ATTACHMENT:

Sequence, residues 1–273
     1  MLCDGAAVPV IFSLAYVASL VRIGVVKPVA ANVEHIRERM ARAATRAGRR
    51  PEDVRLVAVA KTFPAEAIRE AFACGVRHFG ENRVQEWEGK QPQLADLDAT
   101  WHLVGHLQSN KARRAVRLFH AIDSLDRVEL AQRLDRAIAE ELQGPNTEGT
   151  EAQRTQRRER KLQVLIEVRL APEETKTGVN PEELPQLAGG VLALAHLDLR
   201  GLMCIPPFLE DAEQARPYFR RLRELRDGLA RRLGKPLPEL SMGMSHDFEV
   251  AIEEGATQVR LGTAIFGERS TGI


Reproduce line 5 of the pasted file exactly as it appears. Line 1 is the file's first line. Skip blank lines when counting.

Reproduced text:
   151  EAQRTQRRER KLQVLIEVRL APEETKTGVN PEELPQLAGG VLALAHLDLR